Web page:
Shaq’s Early Tweets Helped Bring Sports and Social Media Together
In 2008, Twitter was a far cry from the powerhouse of social media that it is today. A popular, albeit small operation, the website had enough viewers to keep the average user entertained but few enough to provide easier access to several notable figures. Among the first celebrities to utilize this was Shaquille O’Neal.
Shaq’s impact on Twitter
O’Neal wasn’t the first celebrity to discover Twitter, nor is he the only one who made a positive impact on it. Back in 2008, O’Neal was in the final years of a long career and was looking for the next way to build his brand. According to Zach Harper of The Athletic, O’Neal opened his account to fight several imposter accounts who were claiming to be him.
In the early days of Twitter, there were few ways to know whether somebody was real or not. A reporter in Phoenix had quoted the superstar big man about something he allegedly said. Much to his chagrin, the attributed quote had not come from him, but an imposter on Twitter. O’Neal spoke about this with The Athletic’s Armen Keteyian.
“‘I’m very quotatious,'” O’Neal told Keteyian. “‘I think what I say. I don’t need you to misquote me ever.'”
With this in mind, O’Neal created @THE_REAL_SHAQ and one of Twitter’s first celebrity accounts was born.
Welcome to Twitter
O’Neal’s first tweet, which began with a misplaced comma, introduced him to the world on the growing medium. After getting fed up with all the imposters, he adopted it as a way to get thoughts out to fans and set the record straight. Before long, however, Twitter became O’Neal’s virtual playground, and he began to use the service for different reasons.
The ugly truth
Never one to shy away from self-deprecation, O’Neal took to Twitter multiple times to tell the world how ugly he was. Whether he was going to the zoo or sugarcoating his perceived ugliness, O’Neal loved to get a laugh.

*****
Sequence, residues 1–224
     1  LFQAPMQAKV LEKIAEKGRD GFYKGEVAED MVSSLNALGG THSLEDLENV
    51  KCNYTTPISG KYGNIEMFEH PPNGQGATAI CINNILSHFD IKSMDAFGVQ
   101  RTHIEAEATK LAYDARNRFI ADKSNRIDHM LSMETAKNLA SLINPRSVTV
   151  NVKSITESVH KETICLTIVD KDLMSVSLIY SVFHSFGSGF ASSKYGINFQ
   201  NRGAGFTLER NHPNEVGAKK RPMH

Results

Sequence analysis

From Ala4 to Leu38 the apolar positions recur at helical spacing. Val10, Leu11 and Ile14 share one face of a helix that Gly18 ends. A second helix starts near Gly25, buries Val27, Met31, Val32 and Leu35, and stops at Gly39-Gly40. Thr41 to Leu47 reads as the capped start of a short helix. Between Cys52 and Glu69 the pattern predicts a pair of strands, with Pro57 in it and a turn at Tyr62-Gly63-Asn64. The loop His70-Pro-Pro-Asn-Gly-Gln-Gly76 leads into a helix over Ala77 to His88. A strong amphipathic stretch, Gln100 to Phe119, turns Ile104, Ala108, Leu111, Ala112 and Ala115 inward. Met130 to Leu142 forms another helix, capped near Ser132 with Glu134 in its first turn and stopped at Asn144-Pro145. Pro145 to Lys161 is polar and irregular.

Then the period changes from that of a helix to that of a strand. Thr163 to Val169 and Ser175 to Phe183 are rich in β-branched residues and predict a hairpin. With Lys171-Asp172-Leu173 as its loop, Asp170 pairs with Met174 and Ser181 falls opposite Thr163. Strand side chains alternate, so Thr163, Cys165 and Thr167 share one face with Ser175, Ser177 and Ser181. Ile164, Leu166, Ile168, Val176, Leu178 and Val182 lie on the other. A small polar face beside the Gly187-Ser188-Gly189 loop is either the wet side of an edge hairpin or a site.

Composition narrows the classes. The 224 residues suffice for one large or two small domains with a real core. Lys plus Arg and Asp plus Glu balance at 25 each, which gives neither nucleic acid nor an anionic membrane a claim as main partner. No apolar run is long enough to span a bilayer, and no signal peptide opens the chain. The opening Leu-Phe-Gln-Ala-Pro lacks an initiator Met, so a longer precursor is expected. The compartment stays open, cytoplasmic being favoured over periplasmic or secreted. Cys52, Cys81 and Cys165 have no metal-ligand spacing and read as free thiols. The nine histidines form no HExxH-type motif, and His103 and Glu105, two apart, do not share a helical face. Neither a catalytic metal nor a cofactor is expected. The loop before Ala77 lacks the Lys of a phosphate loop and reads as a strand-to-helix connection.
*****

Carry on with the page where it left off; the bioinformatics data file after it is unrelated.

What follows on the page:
O’Neal was not his only target, however. Eventually, he took to insulting the mothers who gave birth to some of his favorite celebrity friends.
“Yo mama so…”
O’Neal has always been one for playful sparring. Viewers who watch him on Inside the NBA know this. Before he had Charles Barkley to use as his personal punching bag, however, O’Neal set his sights on Ashton Kutcher, Kevin Hart, and anyone else who was willing to join him in an old schoolyard classic, Yo Mama.
O’Neal let people know how ugly, fat, and otherwise flawed their mothers were, crowdsourcing jokes to throw at Kevin Hart from his fans.
When Oprah Winfrey joined Twitter, she was met with an outpouring of welcomes from fans and friends alike. While most people were just thrilled to have Oprah on the platform, O’Neal welcomed her in a way that only he could — by telling her to turn off her caps lock in a thank-you message to fans.
Paging Mr. Rogers
Much like fellow Twitter enthusiast Kevin Durant, O’Neal’s tweets weren’t just used for jokes at the expense of others. They became an experiment in his stream of consciousness. One particularly notable example of this was when he mused about Mr. Rogers and asked if the children’s performer was still alive years after his death.
Of course, as one of the patron saints of Twitter, O’Neal also used it as his own news source. In 2011, after a disappointing year in Boston, O’Neal took to Twitter to announce his retirement. He was among the first athletes to do such a thing, with Marshawn Lynch and several others later following suit. This may have marked the end of an era for O’Neal, whose Twitter presence largely changed after his playing days were over.
Still occasionally giving fans the jokes, however, O’Neal’s past tweets serve as a fascinating look at how much both he and the site have changed and stayed the same in 12 years since he first hit send.